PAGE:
“Italy is slower and not so digital like other countries, that’s why we count on broadening our framework abroad rather than in Italy.”
“We want to support people that are not able at solving tech problems, and we want to help each other to get to know the framework better, with meetups and talks for explaining and leading developers from junior to seniors. We use Slack and other social platforms to be reachable.”
According to Luciano “Social networks are super important, especially meetup.” However, he notes that Google Drive Platforms can be challenging to manage because of all the different accounts. The group is working with Codemotion to “broaden our target audiences and improve our organisational efforts” with plans to also expand into Milan.
There’s a need for resources for developing in Italian: Milano Chatbots Group
Paolo Montrasio is a long-time developer and one of the community members of Milano Chatbots Group, created in response to the growing complexities in chatbot creation. Paolo explained that traditionally chatbot resources were created in English, with other languages preferenced next, meaning it took a delay before Italian language-specific tools. Paolo detailed that the group is “working on improving the Italian version of software to develop chatbots that could appeal to agencies.”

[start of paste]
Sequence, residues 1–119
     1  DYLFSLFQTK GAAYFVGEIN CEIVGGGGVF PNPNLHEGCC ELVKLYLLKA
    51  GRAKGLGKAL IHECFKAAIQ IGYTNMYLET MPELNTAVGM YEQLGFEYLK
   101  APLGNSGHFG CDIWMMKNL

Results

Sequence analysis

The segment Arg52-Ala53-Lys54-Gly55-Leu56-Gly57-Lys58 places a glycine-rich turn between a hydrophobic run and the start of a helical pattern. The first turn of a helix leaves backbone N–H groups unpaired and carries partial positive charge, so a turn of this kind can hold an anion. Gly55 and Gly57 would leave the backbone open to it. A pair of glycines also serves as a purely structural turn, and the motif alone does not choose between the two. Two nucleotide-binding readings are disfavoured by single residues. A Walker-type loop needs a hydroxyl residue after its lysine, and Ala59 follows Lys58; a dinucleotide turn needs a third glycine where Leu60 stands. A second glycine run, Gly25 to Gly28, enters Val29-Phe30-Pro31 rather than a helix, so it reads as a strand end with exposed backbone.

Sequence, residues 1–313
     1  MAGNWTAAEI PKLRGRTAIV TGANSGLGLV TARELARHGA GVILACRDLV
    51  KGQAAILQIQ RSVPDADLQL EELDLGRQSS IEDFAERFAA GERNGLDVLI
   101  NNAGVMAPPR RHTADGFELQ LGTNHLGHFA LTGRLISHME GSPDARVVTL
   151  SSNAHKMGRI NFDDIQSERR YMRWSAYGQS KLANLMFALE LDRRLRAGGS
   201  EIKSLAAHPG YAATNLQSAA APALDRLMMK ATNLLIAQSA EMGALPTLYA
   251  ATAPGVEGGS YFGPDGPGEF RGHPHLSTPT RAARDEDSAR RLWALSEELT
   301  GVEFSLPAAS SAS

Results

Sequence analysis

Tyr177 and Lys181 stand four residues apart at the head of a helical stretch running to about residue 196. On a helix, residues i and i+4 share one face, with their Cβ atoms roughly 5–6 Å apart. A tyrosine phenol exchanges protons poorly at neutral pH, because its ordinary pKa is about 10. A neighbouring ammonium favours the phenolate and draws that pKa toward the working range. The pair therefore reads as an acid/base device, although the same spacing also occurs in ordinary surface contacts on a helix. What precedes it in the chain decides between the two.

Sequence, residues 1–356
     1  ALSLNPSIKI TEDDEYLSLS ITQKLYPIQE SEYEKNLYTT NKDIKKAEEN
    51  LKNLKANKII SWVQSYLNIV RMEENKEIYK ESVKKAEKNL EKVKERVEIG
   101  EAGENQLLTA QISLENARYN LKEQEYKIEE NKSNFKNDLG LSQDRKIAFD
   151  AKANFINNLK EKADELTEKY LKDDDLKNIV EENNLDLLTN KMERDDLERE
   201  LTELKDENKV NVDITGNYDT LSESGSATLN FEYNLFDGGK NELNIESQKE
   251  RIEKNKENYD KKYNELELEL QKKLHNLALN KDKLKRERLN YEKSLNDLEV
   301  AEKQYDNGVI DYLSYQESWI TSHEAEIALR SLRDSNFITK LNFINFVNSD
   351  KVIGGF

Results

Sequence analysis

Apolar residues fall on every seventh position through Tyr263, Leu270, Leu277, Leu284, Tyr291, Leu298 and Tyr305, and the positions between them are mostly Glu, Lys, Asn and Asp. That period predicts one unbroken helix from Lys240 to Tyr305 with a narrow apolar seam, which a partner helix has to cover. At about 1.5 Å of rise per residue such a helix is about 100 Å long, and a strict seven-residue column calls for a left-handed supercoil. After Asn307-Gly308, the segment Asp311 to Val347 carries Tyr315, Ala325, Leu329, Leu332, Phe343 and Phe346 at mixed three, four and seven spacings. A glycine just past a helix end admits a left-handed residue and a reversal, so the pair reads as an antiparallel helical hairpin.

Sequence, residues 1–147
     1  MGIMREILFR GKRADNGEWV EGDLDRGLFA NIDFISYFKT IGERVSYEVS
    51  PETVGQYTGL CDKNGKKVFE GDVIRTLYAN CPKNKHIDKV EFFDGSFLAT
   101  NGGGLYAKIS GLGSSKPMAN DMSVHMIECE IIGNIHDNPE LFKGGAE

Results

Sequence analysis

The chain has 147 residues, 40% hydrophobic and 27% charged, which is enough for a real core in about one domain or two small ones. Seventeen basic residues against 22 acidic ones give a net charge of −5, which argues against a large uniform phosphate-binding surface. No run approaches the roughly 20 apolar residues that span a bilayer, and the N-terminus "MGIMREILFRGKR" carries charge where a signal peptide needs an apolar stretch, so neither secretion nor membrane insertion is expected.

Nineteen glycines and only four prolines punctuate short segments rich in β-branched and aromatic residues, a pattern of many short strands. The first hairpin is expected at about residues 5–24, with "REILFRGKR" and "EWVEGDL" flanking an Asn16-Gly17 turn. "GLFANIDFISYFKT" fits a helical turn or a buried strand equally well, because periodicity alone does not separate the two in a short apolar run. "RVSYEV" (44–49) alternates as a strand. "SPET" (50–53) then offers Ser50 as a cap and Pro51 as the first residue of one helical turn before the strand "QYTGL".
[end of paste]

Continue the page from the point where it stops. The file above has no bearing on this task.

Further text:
Milano chatbots group was born on Meetup, with an active Telegram group, YouTube channel, and resources on Medium. The group uses Eventbrite and Facebook to plan, schedule and promote events, with plans to expand into Twitter and LinkedIn in the future. They were involved in several AperiTech events throughout Italy which offered an excellent opportunity for networking.
Paolo notes that the group sometimes challenges to find speakers and hopes that networking at significant events such as Codemotion will assist.
Continuity is the worst part of community management: PHP Group Milano
Alessandro Lai is Project lead developer @Facile.it, secretary of PHP-FIG, and one of the organisers of the PHP Group Milano. Alessandro considers PHP a language that is evolving and taking the example of other languages that aren’t so users friendly, and trying to improve every day.
PHP-FIG “gives insight about PHP work, and we are trying to standardise knowledge for developers. The group was born many years ago.”
Alessandro shares that continuity is the worst part of community management. “Mostly I am alone when organising events, so the help of companies is invaluable, especially in finding speakers.”
The group uses slack for internal communication. Alessandro notes that:
“Meetup enables us to reach out to people that are also outside our bubble and achieve broader visibility that I would not know how to get otherwise.”
He is interested in exploring Codemotion’s new community platform offers a viable alternative to Meetup.
Codemotion recently launched a platform to help community organisers promote their events through our website. Take a look and find an event near you, promote your events, offer to speak at a meetup, or start something new.